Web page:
Friday, April 3, 2009

Ellen White's "PETA" Agenda

One of the unfortunate realities of Seventh-day Adventist's emphasis on health is that we, far too often, approach it from an egocentric agenda. This manifests itself in a number of different ways, but the net result is that we speak out very little against the cruelty that is inflicted upon animals for the sake of a good meal.

This should not be the case. Adventists should be at the forefront of the movement that urges proper treatment of animals. Though we should not partake in some of the unethical methods of PETA, we should certainly do all we can in our power to promote the wellbeing of all of God's creatures. This alone, I believe, is reason enough to eliminate meat from our diets.

Certainly Ellen White thought so. And this is probably lost far too often when we examine her writings in relation to flesh foods. Notice what she says, for example, in The Ministry of Healing:
Animals are often transported long distances and subjected to great suffering in reaching a market. Taken from the green pastures, and traveling for weary miles over the hot, dusty roads, or crowded into filthy cars, feverish and exhausted, often for many hours deprived of food and water, the poor creatures are driven to their death, that human beings may feast on the carcasses. . . .

Think of the cruelty to animals that meat eating involves, and its effect on those who inflict and those who behold it. How it destroys the tenderness with wich we should regard these creatures of God!

The intelligence displayed by many dumb animals [dumb, in her day, did not have the same connotation it does today. She simply meant "mute, silent; not speaking"] approaches so closely to human intelligence that it is a mystery. The animls see and hear and love and fear and suffer. They use their organs far more faithfully than many human being use theirs. They manifest sympathy and tenderness toward their companions in suffering. Many animals show an affection for those who have charge of them, far superioer to the affection shown by some of the human race. They form attachments for man which are not broken without great suffering to them.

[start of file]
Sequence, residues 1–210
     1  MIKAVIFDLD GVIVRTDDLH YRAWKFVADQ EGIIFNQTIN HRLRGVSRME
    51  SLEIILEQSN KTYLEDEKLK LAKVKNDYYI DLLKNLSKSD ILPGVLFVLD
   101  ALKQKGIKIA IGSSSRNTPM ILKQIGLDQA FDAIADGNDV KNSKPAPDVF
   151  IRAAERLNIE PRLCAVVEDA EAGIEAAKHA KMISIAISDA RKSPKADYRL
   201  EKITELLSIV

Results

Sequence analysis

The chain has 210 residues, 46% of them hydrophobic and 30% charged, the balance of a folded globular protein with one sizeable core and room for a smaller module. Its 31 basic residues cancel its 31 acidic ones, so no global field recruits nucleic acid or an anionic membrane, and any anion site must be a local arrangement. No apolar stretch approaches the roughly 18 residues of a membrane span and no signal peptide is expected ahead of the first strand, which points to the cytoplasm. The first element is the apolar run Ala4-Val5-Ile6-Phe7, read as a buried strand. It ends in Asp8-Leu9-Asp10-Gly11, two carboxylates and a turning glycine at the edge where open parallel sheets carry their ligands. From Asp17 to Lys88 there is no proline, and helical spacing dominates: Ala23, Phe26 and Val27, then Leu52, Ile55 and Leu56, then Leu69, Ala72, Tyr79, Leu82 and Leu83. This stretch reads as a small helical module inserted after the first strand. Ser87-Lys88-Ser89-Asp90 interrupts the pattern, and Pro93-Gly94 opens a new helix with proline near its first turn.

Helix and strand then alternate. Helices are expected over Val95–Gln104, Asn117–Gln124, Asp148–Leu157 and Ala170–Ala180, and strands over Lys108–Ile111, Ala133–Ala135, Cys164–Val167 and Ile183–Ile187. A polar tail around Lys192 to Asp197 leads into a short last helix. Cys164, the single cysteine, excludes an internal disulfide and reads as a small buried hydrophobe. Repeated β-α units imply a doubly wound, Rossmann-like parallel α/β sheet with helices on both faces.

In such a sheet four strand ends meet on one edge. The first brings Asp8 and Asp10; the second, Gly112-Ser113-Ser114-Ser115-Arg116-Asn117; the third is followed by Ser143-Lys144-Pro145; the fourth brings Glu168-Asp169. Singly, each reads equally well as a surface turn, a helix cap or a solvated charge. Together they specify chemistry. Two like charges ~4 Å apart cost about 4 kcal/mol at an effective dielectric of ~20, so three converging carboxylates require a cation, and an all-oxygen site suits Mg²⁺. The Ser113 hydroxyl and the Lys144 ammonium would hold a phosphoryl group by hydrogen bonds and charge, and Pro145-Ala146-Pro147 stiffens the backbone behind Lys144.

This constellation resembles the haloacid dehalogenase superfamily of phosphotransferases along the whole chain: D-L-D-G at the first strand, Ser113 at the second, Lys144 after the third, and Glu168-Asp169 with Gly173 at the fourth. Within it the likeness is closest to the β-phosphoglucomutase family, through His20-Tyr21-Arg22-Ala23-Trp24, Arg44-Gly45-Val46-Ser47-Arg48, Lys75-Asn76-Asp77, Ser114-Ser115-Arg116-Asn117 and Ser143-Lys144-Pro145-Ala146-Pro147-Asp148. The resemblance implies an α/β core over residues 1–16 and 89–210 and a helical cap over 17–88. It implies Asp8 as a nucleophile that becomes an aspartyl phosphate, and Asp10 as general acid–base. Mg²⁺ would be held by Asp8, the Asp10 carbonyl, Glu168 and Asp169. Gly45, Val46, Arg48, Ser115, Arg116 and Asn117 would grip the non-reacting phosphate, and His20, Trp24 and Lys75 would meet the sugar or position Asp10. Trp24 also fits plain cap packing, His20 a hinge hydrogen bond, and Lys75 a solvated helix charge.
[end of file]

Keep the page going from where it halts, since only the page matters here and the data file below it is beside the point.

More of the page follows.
What man with a human heart, who has ever cared for domestic animals, could look into their eyes, so full of confidence and affection, and willingly give them over to the butcher's knife? How could he devour their flesh as a sweet morsel? (pp. 314, 315-316)
No, Ellen White probably wouldn't be a part of PETA today, or condone their behavior in lot of situations, but she would certainly do all that she could to promote the ethical treatment of these creatures. And we should do the same - even if she had never said anything to that end.

5 comments:

Mithun said...

Awesome find! PETA has done much good work at exposing animal cruelty, and I'm continued to be amazed at how ahead of her time Ellen White was.

How does this reconcile with 1 Corinthians 9:9?

Anonymous said...

Mithun,